New Cabinet Secretary George Magoha is quite right when he describes university education in the country as being in jeopardy and urgently in need of a thorough clean-up.
The Education CS cites some of the ills bedevilling the sector as tribalism, duplication of courses, staffing shortages, funding shortfalls and unplanned expansion, all of which contribute to poor quality of education.
A country’s high-level human resource capacity is mostly determined by how vibrant and robust its universities are. This is because these institutions prepare the next generation of engineers, doctors, architects and a host of other professions for the job market.
If the universities are lacklustre and enervated, the quality of their graduates tends to be run-of-the-mill, uncompetitive and unimaginative.
This is tragic because studies have shown a high degree correlation between higher education and economic growth.
Investment in top quality education creates a conducive environment for a positive impact on the size and quality of the population, mortality rate, health and a civilised work culture with a direct impact on income generation and economic growth.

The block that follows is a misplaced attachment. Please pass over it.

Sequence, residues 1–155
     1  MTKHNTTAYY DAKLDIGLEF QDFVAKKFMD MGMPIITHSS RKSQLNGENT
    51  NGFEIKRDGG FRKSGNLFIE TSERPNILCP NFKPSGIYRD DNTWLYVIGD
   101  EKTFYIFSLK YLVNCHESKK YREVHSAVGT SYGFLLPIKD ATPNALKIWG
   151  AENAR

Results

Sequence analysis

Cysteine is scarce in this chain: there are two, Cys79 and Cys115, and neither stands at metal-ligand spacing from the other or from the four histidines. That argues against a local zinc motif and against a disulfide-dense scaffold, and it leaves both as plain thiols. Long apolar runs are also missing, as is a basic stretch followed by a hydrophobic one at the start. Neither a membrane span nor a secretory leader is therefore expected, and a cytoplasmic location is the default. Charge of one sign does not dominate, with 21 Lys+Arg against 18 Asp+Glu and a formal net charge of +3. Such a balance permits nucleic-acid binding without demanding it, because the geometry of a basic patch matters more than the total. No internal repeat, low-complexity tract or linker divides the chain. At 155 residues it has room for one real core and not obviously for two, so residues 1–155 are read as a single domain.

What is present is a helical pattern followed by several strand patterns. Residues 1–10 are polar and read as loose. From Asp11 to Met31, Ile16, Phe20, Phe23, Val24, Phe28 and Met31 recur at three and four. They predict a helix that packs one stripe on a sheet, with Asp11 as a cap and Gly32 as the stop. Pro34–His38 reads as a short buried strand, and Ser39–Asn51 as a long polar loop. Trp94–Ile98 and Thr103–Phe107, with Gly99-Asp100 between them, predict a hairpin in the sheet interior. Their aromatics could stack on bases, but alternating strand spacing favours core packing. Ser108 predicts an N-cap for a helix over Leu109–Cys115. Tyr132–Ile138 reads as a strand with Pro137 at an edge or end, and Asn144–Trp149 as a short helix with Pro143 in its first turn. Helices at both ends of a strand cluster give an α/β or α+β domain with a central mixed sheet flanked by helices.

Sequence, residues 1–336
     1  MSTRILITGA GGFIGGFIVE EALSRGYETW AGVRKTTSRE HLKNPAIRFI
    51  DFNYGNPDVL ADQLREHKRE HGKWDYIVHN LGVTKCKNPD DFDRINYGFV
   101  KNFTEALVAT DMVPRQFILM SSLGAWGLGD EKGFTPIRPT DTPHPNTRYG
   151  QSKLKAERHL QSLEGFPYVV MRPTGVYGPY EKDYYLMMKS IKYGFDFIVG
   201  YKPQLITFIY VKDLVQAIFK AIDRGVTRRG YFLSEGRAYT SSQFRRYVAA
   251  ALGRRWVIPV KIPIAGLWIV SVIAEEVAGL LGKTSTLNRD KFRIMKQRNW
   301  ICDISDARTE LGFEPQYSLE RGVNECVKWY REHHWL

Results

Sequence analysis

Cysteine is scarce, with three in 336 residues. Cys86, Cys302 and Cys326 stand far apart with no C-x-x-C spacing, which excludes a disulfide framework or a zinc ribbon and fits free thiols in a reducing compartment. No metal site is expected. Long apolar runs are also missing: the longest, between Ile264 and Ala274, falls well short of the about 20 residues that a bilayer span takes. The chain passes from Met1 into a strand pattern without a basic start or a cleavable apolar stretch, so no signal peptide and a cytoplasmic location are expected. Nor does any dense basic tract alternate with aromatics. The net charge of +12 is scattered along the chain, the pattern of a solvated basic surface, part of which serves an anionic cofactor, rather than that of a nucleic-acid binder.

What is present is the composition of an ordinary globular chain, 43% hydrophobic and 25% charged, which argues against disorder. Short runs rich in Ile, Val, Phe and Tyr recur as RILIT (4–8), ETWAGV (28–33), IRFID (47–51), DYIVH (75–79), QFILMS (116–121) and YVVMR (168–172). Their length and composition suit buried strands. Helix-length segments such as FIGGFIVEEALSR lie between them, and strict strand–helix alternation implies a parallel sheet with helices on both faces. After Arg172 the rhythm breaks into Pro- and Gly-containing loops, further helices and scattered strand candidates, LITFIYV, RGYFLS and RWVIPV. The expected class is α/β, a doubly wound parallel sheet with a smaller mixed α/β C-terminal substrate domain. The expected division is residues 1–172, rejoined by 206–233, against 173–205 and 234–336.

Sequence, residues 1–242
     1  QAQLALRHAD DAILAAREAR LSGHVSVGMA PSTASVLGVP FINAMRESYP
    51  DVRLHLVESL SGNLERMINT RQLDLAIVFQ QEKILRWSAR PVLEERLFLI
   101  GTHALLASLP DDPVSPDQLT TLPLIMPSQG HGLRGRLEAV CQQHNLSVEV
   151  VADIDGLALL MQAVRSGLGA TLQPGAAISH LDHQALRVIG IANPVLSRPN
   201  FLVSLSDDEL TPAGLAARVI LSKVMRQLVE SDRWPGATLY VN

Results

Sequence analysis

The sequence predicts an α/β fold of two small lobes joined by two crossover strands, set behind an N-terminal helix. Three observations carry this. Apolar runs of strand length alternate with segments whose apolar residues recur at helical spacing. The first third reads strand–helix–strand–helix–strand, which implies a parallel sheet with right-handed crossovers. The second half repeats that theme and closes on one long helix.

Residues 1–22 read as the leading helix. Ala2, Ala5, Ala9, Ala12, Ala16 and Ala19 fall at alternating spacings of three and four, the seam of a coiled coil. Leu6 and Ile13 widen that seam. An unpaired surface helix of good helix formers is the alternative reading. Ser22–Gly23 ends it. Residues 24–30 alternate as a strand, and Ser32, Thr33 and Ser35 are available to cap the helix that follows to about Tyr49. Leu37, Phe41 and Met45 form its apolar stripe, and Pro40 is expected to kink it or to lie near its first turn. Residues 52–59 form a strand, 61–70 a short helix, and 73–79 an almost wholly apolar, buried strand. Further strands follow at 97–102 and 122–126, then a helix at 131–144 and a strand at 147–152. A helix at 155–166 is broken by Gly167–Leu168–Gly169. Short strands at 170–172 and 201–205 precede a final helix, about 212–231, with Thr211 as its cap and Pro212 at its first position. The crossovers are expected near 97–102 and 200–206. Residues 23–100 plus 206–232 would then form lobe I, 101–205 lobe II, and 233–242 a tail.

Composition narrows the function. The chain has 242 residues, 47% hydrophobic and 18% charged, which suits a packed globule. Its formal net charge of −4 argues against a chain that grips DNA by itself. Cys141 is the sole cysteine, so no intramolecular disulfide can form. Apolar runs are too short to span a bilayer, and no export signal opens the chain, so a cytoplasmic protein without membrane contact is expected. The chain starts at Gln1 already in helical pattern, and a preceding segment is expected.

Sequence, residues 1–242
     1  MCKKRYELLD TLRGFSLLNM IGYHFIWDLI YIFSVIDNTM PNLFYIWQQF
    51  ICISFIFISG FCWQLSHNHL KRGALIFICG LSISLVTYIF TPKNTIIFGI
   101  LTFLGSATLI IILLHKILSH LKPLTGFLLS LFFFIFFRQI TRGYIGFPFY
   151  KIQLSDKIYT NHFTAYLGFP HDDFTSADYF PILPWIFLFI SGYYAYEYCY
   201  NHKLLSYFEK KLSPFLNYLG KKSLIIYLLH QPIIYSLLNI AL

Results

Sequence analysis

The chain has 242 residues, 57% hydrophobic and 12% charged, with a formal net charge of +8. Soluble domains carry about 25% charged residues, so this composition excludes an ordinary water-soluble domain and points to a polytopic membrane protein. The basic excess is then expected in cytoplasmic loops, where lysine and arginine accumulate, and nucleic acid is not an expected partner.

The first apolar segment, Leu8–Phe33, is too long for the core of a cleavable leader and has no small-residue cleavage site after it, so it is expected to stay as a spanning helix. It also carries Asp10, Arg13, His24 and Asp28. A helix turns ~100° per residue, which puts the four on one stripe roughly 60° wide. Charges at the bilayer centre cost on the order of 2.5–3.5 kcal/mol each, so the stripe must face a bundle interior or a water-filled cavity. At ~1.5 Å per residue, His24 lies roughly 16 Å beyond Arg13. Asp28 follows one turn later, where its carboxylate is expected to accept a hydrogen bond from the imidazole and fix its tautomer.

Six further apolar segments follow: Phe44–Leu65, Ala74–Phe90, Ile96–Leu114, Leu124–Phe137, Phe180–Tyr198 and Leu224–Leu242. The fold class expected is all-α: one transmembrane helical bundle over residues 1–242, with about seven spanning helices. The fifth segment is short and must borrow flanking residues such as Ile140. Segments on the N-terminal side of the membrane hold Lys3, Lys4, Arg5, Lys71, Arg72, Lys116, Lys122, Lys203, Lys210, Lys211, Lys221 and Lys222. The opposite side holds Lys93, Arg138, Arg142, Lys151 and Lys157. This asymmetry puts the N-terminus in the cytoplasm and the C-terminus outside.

This is why the quality of education offered in the universities is a matter of paramount importance and which should be guarded like a treasure trove. The country’s economic prospects depend on it and so does the future of the learners.
Over the past four decades, higher education has expanded exponentially from one university in 1970, to 33 in 2012 and 70 in 2016.
This has been attributed to population growth, wider access to basic education and a strong social demand for higher credentials.
Yet this expansion has been so rapid that the economy has been unable to absorb the thousands of university degree holders who graduate every year, leading to desperation spawned by increased joblessness after years of academic toil.
Most universities, especially the newer ones, are dogged by dire staff shortages, lack of funds, inadequate learning materials, weak management systems and unprofessional examination procedures.
But parents continue to pay through the nose to have their children get a university education so they can have an edge in the job market.
This sorry state of affairs is what makes Prof Magoha’s pledge to crack down on the institutions timely.
The CS has shown his mettle, having stamped out cheating in national examinations when he was the head of the exams council. He also proved his management credentials as the University of Nairobi vice-chancellor for 10 years.
The time to stem the systemic crisis in the universities is now and Prof Magoha has his work cut out for him.